Am I one of the lucky ones?

Tonight I met a couple nice gentlemen. I had been wandering the area on my motorcycle for at least 15 miles and an hours worth of time. I could not find a place to camp anywhere. Finally I found an RV park right on the edge of Ochlockonee Bay (don’t worry, I don’t know how to pronounce it either). They were closed. As I’m standing there trying to figure out what my plan is, two guys drive up, roll down their window and ask if they can help. They had seen my Combat Vets patch and being vets themselves, wanted to help. They confirmed that there was in fact tent camping and if I’d just follow them, they’d show me where.

After I began setting up, one of them walked back over and invited me back to his trailer where they were having dinner and I was welcome to join them. Unbeknownst to me, they had already eaten. He had his wife whip up some pasta and toast and they fixed me up a big plate.

One of the guys had to leave but I sat and chatted with the couple until it got to the point where I was yawning more than talking.

He was a Marine Vietnam vet. He’s been struggling with PTSD his whole life. That, along with depression and isolation. All of the classic crap we all seem to have in common. It was heartbreaking to hear his story and his continuing struggle with the VA. He got out in 1972. It has been 46 years and he still isn’t receiving proper treatment. He’s given up. Not mentally or physically, just on the rest of the world caring enough to help him. He drove a big truck for 43 years and says that driving was a treatment of its own kind. He also rides a 1998 Harley that still “purrs like a kitten” and has provided many miles of therapy. He gets me. I get him. We’ve know each other for a couple of hours and we parted with a hug, as brothers.

As I walked over to the shore to take a final picture I couldn’t help but to think of myself as lucky. My experience was horrible. It felt like it took forever. But the pieces have fallen into place. The VA is paying me my due. I am getting treatment. I have a sense of peace in that there are no loose ends. Compared to this gentlemen, I am so lucky. It could be so much worse. I could be forgotten, trying to fix myself.

He is doing well and he is happy. His wife is amazing and she is his happy place, just like Megan is mine. He would consider himself lucky. I wish him the best. I truly do.

I hadn’t planned or writing a “deep” post today but I want to write the thing that matters most, at this moment.

On a lighter note.

My route today was definitely not a high speed route. It took all day to do about 250 miles. I followed the Gulf Coast of Florida from Pensacola to Navarre, Destin, Panama City and finally to here.

The significance of here? From about this point, I’m going to start heading North. My journey going East has ended. It’s taken about as long as I planned, meaning I had no idea how long it was going to take and I’m happy to be here. Several milestones in my planning for this route have been met and I am very happy with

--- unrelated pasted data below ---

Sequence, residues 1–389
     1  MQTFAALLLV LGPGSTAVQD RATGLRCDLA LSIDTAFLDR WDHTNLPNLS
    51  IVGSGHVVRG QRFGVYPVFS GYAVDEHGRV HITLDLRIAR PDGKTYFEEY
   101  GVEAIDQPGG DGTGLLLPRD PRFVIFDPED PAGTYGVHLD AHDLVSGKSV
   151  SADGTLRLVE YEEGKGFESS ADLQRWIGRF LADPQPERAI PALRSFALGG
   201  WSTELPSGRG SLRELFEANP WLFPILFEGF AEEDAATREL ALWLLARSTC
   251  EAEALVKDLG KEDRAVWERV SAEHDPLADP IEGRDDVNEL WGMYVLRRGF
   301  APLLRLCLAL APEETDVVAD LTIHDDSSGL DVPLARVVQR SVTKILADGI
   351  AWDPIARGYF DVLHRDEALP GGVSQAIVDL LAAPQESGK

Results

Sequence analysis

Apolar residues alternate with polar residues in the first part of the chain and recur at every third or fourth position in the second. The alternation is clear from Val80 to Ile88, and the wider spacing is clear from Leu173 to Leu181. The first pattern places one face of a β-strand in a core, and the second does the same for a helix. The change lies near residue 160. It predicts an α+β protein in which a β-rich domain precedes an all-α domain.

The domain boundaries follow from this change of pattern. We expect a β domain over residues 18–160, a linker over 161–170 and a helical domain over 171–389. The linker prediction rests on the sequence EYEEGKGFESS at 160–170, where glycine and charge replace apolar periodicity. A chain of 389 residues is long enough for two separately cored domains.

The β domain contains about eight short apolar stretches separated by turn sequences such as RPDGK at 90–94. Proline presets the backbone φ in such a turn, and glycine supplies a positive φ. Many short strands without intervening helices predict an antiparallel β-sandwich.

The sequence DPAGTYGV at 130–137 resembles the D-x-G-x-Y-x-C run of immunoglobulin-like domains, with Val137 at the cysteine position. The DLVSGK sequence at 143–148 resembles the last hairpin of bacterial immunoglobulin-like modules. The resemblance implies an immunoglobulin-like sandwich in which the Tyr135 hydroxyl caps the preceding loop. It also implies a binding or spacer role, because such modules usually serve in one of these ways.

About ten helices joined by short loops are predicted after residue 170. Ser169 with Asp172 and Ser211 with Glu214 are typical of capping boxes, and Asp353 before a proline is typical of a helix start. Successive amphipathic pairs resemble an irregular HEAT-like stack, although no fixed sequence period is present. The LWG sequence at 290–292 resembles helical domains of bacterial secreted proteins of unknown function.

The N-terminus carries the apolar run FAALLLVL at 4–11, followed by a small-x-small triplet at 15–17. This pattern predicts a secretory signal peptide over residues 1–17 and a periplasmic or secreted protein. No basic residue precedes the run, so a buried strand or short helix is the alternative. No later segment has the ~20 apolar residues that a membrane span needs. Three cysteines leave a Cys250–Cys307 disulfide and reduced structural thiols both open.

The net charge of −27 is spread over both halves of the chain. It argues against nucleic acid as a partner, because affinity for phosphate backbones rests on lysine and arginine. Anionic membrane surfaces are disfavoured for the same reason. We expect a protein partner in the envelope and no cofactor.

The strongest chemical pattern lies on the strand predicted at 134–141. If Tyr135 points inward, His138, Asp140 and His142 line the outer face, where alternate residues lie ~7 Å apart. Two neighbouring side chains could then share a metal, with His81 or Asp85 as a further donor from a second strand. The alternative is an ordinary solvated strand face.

the results.

I am optimistic for the future and I haven’t been able to say that for a long time.

11 thoughts on “Am I one of the lucky ones?”

  1. good for you jake. if youre optimistic about the future, thats a good thing. dont remember who said it, but “the journey of a lifetime begins with a single step” seems to fit. God bless you, and good luck on the rest of your journey.

    Liked by 1 person

  2. I forgot what your route is as you come back around the Northwest of the US. Are you going through Montana and all the way up to Seattle? Thought it would be fun to rent a bike and meet you for that section depending on the timing..


  3. Hello Brother and good morning to you from one of the two guys you met in Oclockonee Bay Campground. Hope you enjoyed the apple pies and have a great ride up to Savannah today. Make sure to get you some of that fantastic low country chow while in Savannah and Charleston. Good luck to you my brother.

    Liked by 1 person

  4. What an awesome random act of kindness!

    Yes, you are one of the lucky ones. Before this trip, you probably wouldn’t have allowed those two gentlemen to approach.

    It’s hard to believe that you have been on the road for almost three weeks. Thank you for sharing the ride to-date. Your journey is making a difference…and touching lives.


  5. “I am optimistic for the future and I haven’t been able to say that for a long time.” That was so great to read on your blog Jake! Thank you for your authenticity in sharing your Journey, PTSD, struggles, joys, and blessings. God Speed!


  6. Good on ya Jake! There are cool people everywhere and I to quote a super nice guy I met once “ cool people meet cool people!”


  7. It’s amazing what a journey like yours does for many others. There are many out there that suffer from the same problems and you are helping them!! Think about it…your journey is what many of us would love to do but can’t. Thanks for sharing your journey and I’m sure you are going to attain the goals you set out to accomplish! Ride safe brother!!


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